Victor (Johnny Depp) is the son of nouveau-riche fish merchants and Victoria (Emily Watson) is the daughter of aristocrats who are down to their last dollar. Their upcoming marriage will give legitimacy to Victor’s parents while savings Victoria’s from the indignity of poverty. But Victor and Victoria have yet to meet – and neither are keen on marrying a stranger. All that changes when they finally do clap eyes on each other, instantly falling head over heels.
True love doesn’t make Victor any more facile with words, so when he fumbles his way through the rehearsal, he’s admonished to the woods to practise until perfect. Unfortunately, he unknowingly recites his vows to the corpse of a woman murdered on the night she was to elope, and Emily (Helena Bonham Carter) rises from the dead to claim him as her husband, and drag him down to the Land of the Dead.
Victor is mortified, as he should be – will he ever make it back up to the Land of the Living to reclaim the woman who holds his heart?
Tim Burton breathed his magic into this 19th century Russian folk tale, co-directing on the tails of Big Fish, and simultaneously with Charlie and the Chocolate Factory. He held the vision, and co-director Mike Johnson followed up with the crew, making sure the tone and emotion were realized.
A beautiful example of stop-motion, the puppets themselves, built by Mackinnon and Saunders, were about 17 inches tall and animated on sets built three to four feet off the ground with trap doors allowing animators access to the sets’ surfaces to manipulate the puppets. Victor, Victoria and Emily were outfitted with heads the size of golf balls that contained special gearing to allow the animators to manipulate individual parts of the puppets’ faces.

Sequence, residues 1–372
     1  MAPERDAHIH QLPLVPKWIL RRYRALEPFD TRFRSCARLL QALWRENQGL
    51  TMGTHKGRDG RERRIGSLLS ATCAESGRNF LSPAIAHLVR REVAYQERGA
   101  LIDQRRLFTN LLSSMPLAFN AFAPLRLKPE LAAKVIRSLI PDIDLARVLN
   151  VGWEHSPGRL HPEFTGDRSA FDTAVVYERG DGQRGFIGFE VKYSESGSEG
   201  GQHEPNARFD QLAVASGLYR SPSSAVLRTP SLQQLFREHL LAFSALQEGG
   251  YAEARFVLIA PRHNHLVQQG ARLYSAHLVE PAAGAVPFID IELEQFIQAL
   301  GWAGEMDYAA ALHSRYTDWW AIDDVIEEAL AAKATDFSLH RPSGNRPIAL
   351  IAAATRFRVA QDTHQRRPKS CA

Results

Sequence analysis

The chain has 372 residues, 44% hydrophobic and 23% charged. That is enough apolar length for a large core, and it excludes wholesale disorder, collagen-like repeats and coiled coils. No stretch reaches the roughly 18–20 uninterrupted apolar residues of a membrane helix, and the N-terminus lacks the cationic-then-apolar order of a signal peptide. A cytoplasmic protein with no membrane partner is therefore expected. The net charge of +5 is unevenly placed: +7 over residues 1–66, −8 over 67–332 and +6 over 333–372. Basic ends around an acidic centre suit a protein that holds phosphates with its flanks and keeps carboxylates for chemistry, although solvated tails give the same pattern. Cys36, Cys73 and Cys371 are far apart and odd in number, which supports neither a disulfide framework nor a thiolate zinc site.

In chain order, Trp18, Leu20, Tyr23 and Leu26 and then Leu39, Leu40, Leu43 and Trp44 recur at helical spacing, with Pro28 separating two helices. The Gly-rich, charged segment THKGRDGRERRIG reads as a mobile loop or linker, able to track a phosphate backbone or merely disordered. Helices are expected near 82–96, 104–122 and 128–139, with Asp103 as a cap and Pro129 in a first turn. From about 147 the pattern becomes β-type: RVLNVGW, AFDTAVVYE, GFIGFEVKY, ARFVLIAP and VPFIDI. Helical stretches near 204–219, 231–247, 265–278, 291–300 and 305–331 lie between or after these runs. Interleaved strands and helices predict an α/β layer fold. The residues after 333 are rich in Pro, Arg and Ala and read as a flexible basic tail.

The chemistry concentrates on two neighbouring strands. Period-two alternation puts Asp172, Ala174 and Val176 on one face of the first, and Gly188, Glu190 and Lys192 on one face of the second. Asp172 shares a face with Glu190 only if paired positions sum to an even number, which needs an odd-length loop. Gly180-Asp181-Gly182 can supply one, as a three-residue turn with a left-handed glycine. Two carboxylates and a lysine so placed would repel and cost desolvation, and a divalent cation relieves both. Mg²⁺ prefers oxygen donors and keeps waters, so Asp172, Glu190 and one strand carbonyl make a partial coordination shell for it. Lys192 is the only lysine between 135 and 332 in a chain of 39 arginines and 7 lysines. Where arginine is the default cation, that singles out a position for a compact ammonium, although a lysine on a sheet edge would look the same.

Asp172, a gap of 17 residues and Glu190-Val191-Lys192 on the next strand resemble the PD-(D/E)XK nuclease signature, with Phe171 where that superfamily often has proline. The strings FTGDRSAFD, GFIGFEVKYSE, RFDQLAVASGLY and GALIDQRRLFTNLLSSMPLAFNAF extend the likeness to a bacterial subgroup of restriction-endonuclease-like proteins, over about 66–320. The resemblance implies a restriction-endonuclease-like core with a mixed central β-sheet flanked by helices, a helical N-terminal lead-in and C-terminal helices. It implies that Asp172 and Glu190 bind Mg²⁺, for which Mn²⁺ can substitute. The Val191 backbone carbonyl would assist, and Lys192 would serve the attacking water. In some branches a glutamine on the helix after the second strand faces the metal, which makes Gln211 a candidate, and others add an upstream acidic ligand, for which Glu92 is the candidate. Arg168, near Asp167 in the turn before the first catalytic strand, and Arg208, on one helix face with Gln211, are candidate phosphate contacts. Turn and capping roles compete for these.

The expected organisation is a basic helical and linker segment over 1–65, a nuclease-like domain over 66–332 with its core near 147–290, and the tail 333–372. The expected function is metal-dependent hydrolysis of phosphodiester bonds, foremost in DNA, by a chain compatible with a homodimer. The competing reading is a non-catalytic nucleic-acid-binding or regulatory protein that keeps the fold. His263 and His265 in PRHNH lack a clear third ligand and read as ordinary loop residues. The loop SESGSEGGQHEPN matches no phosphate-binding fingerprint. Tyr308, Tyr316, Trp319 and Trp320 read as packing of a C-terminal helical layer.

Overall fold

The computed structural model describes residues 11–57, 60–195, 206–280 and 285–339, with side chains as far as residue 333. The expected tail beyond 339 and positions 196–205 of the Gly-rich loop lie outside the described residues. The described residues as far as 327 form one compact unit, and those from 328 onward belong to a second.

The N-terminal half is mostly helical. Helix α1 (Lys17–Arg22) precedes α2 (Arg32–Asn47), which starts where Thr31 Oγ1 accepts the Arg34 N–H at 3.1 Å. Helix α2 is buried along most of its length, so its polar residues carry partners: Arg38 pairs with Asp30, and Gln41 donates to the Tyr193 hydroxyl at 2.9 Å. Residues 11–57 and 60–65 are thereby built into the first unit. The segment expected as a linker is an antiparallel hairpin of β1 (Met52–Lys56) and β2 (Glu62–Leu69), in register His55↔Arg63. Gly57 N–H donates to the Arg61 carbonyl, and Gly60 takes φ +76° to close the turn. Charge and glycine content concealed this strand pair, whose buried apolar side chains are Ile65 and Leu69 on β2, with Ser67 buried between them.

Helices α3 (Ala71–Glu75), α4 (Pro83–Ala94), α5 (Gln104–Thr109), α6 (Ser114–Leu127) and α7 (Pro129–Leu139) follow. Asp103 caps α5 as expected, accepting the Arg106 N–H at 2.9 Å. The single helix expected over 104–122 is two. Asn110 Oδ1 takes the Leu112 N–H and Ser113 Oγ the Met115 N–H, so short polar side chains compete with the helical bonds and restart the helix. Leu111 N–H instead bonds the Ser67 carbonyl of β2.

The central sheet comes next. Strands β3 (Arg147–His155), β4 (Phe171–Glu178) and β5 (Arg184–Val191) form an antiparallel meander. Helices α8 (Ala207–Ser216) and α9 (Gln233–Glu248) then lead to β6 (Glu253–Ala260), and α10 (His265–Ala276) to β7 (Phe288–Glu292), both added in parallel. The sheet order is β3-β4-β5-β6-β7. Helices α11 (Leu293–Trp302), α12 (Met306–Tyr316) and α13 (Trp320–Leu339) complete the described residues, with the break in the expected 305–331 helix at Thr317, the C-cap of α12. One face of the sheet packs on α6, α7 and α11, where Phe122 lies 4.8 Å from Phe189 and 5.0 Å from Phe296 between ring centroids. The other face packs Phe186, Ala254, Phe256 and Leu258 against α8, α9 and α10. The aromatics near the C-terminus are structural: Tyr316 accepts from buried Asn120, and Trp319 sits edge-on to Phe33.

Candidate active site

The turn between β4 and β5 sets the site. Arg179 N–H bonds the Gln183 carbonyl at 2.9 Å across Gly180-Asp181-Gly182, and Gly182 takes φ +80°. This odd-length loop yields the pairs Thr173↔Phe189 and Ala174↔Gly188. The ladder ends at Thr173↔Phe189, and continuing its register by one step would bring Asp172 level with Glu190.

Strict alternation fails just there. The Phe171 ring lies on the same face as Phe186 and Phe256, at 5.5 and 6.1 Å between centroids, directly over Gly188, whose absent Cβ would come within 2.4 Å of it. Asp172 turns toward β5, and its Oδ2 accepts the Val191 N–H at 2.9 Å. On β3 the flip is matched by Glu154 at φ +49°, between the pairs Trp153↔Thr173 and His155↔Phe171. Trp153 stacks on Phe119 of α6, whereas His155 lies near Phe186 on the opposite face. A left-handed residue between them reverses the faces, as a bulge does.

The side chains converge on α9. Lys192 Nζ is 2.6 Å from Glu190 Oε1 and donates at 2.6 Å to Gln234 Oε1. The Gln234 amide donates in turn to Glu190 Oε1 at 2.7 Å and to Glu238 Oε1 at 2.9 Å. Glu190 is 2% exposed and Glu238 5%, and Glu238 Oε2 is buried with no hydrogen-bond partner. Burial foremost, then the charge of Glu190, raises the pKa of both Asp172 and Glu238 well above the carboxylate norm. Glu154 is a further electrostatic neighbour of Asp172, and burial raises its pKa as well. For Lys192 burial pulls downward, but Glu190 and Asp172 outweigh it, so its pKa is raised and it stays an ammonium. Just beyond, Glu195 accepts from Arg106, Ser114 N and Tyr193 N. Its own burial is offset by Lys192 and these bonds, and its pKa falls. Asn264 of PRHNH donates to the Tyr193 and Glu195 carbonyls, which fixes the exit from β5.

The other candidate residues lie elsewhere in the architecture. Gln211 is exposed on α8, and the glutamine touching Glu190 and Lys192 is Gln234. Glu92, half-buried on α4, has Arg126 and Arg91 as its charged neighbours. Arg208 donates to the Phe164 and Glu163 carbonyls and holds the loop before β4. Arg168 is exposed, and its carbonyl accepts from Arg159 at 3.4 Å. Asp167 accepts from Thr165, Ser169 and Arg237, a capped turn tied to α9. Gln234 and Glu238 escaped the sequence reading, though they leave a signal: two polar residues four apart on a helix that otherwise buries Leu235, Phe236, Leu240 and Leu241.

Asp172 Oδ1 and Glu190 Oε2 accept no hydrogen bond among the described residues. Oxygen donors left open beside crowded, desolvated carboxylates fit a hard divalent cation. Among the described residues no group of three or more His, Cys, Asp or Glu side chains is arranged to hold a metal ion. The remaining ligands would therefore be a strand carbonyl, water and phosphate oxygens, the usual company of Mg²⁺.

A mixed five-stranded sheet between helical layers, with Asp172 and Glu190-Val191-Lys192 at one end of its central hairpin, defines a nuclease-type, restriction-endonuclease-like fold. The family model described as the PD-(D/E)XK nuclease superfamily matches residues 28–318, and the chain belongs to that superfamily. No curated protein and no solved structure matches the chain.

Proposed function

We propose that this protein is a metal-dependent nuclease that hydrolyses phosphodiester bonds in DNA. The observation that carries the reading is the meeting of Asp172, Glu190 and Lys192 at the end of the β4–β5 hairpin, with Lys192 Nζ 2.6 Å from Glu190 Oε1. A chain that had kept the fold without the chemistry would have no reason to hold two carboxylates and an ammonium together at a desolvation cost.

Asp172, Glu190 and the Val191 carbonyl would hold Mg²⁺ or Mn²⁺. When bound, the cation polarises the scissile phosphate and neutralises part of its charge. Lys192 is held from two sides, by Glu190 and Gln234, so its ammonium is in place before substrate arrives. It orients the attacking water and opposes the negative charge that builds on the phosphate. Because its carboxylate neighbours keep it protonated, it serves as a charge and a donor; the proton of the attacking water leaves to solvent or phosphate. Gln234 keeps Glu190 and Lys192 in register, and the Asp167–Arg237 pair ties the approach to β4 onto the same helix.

Burton, on casting Johnny Depp in both movies he was working on at once: “It was weird because we were doing both at the same time. He was Willy Wonka by day and Victor by night so it might have been a little schizophrenic for him. But he’s great. It’s the first animated movie he’s done and he’s always into a challenge. We just treat it like fun and a creative process. Again, that’s the joy of working with him. He’s kind of up for anything. He just always adds something to it. The amazing thing is all the actors never worked [together]. They were never in a room together, so they were all doing their voices, except for Albert [Finney] and Joanna [Lumley] did a few scenes together, everybody else was separate. They were all kind of working in a vacuum, which was interesting. That’s the thing that I felt ended up so beautifully, that their performances really meshed together. So he was very canny, as they all were, about trying to find the right tone and making it work while not being in the same room with each other.”
Like the best of Burton, this is macabre yet whimsical, and the visuals here are still arresting today. It’s definitely worth digging out for Halloween, and for whenever.